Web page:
Couples in mixed, interfaith marriages recall their journey to love and be loved

Love is said to brook no barrier and leaps over fences. Couples in mixed, inter-faith marriages recall their own experience

Couples in mixed, interfaith marriages recall their journey to love and be loved


Religious differences were farthest from their mind during their courtship, admit couples in mixed marriages. It began with liking each other, progressed to enjoying each other’s company before they fell in love.

Their education and financial independence helped, they concede. It enabled them to resist pressure from family members for one of them to convert. “When two people love each other, why should one get converted,” argues Rahila. None of the couples NH spoke to (their names have been changed in this report) have converted. But the pressure on the woman to convert is always there, concedes Sultana

The domestic help had more problems with our respective religion. She was puzzled at seeing us celebrate both Diwali and Eid. She seemed relieved when we brought a Christmas tree home, recalls Sultana with a laugh.

But the couples are worried about children and how they would be able to cope with the toxicity around religion. Naming the children is a major exercise, confesses Deepika. She and Nadeem have named their son, Shabad.

Her father, when told of the marriage, was more worried about reaction of neighbours and relatives; her mother was both unhappy and apprehensive. “I remember a heated exchange when I reminded her that she always would hum the song ‘Tu Na Hindu Banega, Na Mussalman Banega, Insan ka Aulad Hai, Insaan Banega”.

Significantly, the women are unanimous that what attracted them to their partners were their sensitivity, open mind, quiet confidence and the dignified way they treated women. Hyper masculinity put them off, they say. Here are their stories:

Deepika met Nadeem at a social work organization in Gujarat where they were colleagues and found everything she always wanted in a man, qualities she thought was not possible to find in an arranged marriage.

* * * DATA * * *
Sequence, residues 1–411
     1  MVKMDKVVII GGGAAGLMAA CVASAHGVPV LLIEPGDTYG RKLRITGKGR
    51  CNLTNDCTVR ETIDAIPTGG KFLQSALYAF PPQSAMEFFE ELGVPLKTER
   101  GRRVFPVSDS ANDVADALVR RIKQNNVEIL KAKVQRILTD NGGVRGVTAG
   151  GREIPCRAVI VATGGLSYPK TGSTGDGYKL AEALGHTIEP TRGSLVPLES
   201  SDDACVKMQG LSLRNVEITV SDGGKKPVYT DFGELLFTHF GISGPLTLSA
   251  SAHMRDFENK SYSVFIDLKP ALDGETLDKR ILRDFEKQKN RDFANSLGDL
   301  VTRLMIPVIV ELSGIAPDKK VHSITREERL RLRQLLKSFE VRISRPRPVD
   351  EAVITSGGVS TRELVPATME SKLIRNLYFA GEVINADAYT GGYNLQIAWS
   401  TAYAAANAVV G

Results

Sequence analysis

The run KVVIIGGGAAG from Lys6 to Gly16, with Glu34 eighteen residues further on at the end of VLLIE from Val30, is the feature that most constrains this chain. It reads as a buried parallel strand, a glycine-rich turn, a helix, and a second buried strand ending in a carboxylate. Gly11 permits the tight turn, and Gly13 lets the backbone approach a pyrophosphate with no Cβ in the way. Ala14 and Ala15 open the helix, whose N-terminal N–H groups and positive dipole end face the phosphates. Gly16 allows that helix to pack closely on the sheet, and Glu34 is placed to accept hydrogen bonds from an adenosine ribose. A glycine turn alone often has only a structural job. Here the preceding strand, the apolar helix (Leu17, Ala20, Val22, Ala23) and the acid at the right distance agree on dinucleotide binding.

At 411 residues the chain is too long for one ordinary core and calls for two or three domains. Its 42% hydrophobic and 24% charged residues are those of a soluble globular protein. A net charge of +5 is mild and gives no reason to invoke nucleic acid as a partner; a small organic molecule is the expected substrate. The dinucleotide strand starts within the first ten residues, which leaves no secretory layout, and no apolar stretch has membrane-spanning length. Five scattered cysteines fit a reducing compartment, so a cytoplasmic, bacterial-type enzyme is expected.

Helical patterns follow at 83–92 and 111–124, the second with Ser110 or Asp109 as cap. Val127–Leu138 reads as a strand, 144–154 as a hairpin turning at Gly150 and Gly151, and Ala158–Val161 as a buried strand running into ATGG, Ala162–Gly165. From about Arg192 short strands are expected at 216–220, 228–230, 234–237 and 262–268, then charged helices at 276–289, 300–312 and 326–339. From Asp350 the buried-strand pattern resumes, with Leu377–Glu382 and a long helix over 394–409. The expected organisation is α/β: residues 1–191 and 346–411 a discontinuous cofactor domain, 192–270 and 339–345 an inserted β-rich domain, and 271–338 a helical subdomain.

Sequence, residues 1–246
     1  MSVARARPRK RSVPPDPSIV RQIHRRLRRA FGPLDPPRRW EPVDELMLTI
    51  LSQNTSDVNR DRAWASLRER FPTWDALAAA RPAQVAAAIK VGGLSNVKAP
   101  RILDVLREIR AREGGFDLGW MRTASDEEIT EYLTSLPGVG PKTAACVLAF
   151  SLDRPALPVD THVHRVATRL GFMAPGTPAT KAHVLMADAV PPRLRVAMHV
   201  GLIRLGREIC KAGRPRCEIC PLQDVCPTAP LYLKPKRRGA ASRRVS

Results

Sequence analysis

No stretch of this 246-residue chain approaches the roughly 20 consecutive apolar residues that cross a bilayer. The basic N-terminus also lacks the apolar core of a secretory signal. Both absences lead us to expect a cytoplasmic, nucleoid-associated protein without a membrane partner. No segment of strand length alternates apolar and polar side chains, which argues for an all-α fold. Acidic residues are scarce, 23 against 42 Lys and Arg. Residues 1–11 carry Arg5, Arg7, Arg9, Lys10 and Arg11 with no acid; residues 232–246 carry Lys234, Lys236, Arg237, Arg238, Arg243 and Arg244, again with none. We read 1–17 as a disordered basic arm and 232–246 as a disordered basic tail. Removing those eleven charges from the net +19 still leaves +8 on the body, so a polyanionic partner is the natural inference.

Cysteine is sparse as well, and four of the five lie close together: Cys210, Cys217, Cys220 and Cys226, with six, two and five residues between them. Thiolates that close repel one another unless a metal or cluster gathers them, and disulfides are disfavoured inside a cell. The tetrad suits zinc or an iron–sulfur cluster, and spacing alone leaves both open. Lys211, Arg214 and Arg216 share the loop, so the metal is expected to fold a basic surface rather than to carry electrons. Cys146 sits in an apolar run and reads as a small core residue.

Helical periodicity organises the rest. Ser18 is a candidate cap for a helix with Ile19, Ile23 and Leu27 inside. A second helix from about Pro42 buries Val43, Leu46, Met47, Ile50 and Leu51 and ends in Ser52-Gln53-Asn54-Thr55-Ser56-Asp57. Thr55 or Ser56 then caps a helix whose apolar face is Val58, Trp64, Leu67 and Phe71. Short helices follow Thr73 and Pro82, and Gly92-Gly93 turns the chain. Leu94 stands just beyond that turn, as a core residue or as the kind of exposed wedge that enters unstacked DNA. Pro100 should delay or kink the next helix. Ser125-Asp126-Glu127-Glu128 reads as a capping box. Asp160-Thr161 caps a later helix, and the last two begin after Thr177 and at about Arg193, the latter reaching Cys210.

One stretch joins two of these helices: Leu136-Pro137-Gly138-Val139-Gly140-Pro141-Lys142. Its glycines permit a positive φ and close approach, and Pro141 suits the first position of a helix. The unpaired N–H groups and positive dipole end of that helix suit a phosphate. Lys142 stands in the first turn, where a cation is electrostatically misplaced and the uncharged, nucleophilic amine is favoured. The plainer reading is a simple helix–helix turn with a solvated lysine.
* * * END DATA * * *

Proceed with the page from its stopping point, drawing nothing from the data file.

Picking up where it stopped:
“I found him calm, unassuming and he did not display the predictable hypermasculinity that we are becoming wary of these days,” Deepika said.

They have been in a happy relationship for about nine years now.

Sultana and Gyaneshwar is another such happy couple. Their friendship began at a renowned science institute where they both were PhD candidates. “Gyaneshwar’s soulful rendition of Urdu ghazals and poetry had made him stand out among dozens of men trying to woo me,” said Sultana. Gyneshwar belongs to a Brahmin family, and had to face a bit of resistance to his marriage to a Muslim woman but it was eventually sorted. Sultana’s family had no objection to the match.

They have now been together for over 24 years.

Rahila and Tarendra’s journey was not so smooth. Rahila comes from Bihar’s Seemanchal area, one of the most backward regions. Resisting the stereotypical life trajectory of most young girls in the area, that of incomplete education and early marriage, she insisted on pursuing higher education and went all the way to JNU to do her M. Phil. PhD.

She met Tarendra in Delhi where they both travelled to participate in a college festival representing their respective universities. As love blossomed, Rahila had to be brave and resist her family’s pressure to get married with a more “appropriate” man of her “own” community. The two secretly tied the knot. “I did not say anything to my family for seven years, we stayed separately to avoid suspicion, I did not visit home,” said Rahila.

Twelve years on, they say the relationships with their families are now normalizing bit by bit.

While Deepika’s parents were not opposed to her choice of a Muslim man, they were worried about the anti-social elements who could create a violent situation and even contemplated shifting the wedding venue out of Gujarat. In the end though, the wedding took place in front of both the couple’s family members in Baroda. “I was worried, but not scared,” said Deepika.

“We had made it clear to our families that we would have a civil marriage under the Special Marriage Act, and there will be no conversion.” Rahila said she would perhaps not been in a relationship “if there was any attempt to alter my identity of which Islam is an important part but Tarendra had no such expectations. He himself is not deeply religious.”

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